It’s Not Just White vs. Non-White: It’s Powerful vs. Powerless

The old guard Republican senator who keeps getting reelected. The Chinese real estate tycoon buying up property after property in the US, speculating, therefore causing the price of housing to become exorbitant and unaffordable – and he doesn’t even live in the the country. The lawyers in the firm that has too long a name because they have to include everyone who made partner. The entertainment star, a household name, who bullies her staff and pays them too little despite being one of the highest earners in the world. The magazine editor who promotes Eastern European teenage anorexia-chic as the ideal body image, and so Madison Ave sweeps up her aesthetic and spreads it around the globe. The Black man who headed a leading health insurance company (though 12% of Black Americans are still uninsured, according to the Kaiser Foundation) that is now headed by a man who himself endured serious injuries and feels sympathetic to customers, but the company pulled out of the healthcare exchange in many states. The tech CEO who reveals publicly his homosexuality with the hopes of encouraging others to feel it is ok, but heads a multi-billion dollar company that exploits workers overseas.

See a pattern here?

It is power. Or rather, the abuse of power, the misuse of power, by people who have too much. And this, like any sort of psychiatric pathology, cuts across cultures. Granted, we have to indeed admit and work on the sad fact that minorities face disproportionate discrimination in America, and the statistics don’t lie. A Black male has much lower odds of succeeding – even surviving – in this culture compared to his white counterparts. This intersection of class (meaning a disempowered class) and race is a continuing problem that we have seen increase over the years, and now it is heightened under the Trump regime. We cannot ignore race, especially as racial tensions and violence are increasing.

But if we look at race alone, we are not seeing the rest of the problem. We need to start looking more at class and disempowerment. This angle will allow us to see what we had been neglecting for years: disempowered white people, often from Appalachia or rural areas (the very voters who elected Trump, even after electing Obama). It will allow us to have more constructive dialogues about class and power. A white male running a Wall Street bank is not the same white male who’s a third-generation Polish immigrant working in an auto plant in Detroit. Asian minorities who are highly educated and well to do, living in wealthy suburbs, are not the same as inner city Asian minorities (such as Chinese in Chinatowns) or Asians who grew up in more rural or less-populated areas. I noticed this difference when I went to Stanford: I came from a small Midwest college town, from very modest means, the daughter of a professor, compared to most other Indian-Americans who were wealthy and from big city suburbs.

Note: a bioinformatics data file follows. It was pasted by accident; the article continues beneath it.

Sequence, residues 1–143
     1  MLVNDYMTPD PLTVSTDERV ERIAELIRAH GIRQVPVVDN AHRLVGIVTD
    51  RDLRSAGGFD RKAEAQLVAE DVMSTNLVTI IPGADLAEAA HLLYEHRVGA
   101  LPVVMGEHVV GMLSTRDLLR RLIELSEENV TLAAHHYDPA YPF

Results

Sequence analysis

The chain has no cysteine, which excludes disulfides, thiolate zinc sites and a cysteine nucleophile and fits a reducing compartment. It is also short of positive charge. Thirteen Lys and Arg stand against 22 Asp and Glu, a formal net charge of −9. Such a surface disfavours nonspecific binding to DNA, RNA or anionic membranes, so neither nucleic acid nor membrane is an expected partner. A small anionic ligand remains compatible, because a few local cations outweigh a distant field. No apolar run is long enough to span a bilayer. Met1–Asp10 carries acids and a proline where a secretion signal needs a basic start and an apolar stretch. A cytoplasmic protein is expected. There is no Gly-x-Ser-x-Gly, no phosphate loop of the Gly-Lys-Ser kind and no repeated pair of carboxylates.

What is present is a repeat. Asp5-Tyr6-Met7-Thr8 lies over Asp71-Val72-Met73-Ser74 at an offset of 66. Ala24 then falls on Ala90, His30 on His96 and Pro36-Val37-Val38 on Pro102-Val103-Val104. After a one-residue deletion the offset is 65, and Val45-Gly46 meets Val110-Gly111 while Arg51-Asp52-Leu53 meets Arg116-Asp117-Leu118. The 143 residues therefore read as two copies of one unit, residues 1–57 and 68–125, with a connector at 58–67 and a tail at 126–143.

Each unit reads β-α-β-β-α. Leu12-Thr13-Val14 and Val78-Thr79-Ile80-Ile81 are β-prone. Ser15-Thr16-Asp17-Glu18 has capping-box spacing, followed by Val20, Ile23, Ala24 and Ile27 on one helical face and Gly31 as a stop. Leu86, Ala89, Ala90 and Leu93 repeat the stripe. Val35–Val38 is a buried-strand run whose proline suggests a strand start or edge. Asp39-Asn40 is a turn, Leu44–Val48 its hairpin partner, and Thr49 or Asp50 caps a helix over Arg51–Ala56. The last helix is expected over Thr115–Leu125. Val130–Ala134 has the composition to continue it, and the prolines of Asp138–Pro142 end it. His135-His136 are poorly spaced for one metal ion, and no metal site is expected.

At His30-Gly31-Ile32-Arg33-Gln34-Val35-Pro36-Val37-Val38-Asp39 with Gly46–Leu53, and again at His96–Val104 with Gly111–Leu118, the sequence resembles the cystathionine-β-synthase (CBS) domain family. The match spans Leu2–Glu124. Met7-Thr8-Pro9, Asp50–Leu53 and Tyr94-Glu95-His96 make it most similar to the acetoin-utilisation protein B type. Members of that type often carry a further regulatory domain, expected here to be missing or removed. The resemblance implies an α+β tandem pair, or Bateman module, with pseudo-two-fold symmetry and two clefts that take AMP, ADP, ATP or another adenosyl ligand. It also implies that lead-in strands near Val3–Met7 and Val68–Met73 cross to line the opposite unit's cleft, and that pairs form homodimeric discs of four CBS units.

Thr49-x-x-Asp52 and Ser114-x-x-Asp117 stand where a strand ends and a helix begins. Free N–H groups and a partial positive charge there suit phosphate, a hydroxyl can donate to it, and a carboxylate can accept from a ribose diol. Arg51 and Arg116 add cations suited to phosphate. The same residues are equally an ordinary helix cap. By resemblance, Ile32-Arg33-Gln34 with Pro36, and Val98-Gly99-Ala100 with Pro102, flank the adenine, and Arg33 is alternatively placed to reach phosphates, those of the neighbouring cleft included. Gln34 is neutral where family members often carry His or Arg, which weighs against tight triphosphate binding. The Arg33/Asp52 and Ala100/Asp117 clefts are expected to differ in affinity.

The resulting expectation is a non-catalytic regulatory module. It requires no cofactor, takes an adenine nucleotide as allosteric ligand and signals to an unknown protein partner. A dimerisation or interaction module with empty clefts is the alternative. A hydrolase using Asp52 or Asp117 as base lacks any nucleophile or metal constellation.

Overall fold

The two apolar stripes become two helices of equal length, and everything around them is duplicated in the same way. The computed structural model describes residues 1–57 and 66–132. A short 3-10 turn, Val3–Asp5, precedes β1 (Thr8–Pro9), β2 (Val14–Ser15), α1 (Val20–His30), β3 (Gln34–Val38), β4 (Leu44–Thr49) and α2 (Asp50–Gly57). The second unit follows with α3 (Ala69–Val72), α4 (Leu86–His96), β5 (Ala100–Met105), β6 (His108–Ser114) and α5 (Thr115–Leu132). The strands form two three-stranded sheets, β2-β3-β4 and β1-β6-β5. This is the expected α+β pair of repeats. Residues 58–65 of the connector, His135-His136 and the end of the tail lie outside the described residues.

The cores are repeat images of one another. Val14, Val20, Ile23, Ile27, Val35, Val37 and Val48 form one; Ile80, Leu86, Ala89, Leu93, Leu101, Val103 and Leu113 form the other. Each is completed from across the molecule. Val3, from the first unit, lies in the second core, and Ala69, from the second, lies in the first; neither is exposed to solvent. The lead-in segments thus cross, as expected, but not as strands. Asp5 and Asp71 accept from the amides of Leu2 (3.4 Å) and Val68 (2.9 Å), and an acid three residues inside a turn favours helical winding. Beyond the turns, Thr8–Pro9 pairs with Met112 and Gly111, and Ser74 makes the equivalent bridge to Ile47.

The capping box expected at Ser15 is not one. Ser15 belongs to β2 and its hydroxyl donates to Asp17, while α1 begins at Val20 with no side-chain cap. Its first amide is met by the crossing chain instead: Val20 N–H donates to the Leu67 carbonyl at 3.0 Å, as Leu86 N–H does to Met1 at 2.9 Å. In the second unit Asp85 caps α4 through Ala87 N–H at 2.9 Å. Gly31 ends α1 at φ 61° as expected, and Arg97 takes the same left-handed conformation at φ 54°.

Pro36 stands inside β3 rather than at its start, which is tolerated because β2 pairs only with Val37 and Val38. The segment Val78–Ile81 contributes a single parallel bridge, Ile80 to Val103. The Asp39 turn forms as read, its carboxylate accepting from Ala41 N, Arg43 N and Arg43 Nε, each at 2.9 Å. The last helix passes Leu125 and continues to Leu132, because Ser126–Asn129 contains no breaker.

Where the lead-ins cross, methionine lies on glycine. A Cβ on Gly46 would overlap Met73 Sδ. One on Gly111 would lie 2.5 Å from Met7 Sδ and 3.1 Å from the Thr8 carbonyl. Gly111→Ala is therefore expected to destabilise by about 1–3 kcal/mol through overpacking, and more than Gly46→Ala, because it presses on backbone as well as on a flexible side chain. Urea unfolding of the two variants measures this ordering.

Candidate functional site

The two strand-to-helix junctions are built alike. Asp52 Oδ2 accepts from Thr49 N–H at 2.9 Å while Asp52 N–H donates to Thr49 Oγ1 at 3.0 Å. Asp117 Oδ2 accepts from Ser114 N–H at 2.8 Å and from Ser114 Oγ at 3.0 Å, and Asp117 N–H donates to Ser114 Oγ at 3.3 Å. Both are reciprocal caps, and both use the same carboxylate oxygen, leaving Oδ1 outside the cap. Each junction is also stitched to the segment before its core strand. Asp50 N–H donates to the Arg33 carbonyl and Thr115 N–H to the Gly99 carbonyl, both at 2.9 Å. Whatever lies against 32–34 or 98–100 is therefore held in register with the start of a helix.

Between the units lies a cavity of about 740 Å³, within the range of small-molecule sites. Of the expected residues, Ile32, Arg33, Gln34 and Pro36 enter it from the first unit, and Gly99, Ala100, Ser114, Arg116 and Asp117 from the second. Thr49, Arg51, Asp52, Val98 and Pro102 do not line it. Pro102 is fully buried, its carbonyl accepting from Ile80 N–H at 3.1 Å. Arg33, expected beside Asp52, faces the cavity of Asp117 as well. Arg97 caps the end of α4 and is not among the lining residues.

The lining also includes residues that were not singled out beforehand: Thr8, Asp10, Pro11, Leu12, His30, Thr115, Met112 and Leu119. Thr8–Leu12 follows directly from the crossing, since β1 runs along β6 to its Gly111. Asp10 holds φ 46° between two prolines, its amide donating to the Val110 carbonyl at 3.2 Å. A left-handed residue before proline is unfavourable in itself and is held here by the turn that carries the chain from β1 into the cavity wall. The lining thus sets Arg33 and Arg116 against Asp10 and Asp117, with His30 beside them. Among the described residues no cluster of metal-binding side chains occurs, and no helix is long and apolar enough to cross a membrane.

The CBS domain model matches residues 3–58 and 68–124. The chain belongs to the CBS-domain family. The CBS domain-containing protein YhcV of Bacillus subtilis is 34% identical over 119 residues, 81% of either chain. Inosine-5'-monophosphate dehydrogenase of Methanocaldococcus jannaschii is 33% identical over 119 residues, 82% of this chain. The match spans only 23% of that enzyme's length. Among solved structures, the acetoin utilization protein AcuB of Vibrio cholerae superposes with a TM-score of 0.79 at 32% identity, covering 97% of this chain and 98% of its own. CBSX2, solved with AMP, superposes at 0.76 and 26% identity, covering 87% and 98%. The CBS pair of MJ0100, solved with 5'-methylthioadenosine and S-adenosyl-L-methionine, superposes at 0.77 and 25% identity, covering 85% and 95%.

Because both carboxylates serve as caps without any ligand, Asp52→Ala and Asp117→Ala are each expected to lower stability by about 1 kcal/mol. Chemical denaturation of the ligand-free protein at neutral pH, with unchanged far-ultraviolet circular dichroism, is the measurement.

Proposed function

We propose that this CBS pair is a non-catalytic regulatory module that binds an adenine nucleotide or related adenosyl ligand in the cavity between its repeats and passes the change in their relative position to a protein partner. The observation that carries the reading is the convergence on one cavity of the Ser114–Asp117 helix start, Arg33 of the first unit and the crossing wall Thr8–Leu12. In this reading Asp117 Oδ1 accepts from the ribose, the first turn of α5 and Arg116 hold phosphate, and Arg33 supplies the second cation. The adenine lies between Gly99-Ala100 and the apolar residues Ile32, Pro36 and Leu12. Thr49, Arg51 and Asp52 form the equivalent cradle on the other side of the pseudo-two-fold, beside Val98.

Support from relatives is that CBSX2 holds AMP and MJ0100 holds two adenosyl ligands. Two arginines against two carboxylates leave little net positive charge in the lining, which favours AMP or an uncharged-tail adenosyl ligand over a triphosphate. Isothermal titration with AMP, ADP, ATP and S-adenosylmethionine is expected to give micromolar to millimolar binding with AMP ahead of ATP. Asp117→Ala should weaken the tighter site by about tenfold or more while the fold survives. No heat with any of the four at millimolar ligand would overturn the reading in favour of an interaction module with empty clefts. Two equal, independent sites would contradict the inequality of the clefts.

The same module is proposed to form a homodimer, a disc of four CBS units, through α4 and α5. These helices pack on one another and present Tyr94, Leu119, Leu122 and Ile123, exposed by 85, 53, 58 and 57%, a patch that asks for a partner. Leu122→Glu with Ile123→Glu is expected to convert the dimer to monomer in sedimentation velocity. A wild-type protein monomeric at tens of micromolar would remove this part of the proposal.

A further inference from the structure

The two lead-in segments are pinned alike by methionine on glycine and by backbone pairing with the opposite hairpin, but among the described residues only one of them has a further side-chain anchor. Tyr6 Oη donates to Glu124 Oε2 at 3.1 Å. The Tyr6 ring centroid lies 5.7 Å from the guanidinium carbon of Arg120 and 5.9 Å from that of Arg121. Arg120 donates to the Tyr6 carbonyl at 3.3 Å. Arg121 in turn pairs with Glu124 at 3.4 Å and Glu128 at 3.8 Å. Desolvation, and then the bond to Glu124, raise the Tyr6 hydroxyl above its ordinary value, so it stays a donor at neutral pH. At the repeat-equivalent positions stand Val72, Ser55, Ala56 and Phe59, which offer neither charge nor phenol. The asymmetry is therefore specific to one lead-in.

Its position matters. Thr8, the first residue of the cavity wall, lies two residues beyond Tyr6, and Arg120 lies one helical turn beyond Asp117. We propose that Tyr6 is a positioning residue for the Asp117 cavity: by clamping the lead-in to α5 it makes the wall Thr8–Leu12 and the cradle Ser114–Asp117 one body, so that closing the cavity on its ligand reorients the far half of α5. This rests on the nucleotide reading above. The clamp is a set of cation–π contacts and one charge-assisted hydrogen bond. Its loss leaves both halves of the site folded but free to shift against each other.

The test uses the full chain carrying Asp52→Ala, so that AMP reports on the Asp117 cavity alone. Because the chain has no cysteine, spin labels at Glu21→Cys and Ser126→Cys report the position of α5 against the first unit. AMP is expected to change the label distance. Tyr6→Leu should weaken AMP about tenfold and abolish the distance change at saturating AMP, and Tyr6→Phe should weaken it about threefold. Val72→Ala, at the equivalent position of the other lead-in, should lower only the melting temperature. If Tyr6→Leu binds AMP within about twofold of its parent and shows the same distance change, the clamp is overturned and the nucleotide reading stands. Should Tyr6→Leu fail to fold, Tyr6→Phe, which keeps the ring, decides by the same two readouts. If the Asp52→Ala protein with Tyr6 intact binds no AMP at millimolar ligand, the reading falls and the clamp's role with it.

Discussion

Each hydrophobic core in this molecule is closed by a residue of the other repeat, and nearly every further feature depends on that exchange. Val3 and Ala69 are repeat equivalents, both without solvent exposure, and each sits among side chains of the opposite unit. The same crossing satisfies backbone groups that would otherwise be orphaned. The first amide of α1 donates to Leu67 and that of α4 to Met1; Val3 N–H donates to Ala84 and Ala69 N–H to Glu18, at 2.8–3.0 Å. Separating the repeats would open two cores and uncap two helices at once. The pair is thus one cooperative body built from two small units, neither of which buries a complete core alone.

American society is becoming increasingly, and alarmingly, class-stratified. This is the elephant in the room that drives the problems that then get played out in race. We often talk about racism and racial violence, but we don’t talk enough about poverty. Statistics from the U.S. Department of Justice show that people at or below the poverty level have more than twice the rate of violent victimization as people in high-income households (https://www.bjs.gov/content/pub/pdf/hpnvv0812.pdf). How much more proof do we need?

Political crusaders like Bernie Sanders have fought hard to address this problem. So have grassroots movements like Occupy. But still, too many Americans suffer not only from poverty, but powerlessness. We are forced to pay exorbitant fees, deal with unjust financial institutions, be cheated by our healthcare system, and receive no basic benefits such as maternity leave or quality education. The message from the last election is clear: both sides, the left and the right, are powerless compared to those who are controlling the institutions in our country.

The difference is, those who elected Trump failed to realize that social change has to happen systematically and institutionally, not willy-nilly by a madman with no political experience, who says what people want to hear in the worst manner of a demagogue. And thus, not only are the anti-Trump people disempowered by those in control – we also are also suffering from disempowerment by those who elected Trump, people who have no understanding of how to effect social change.

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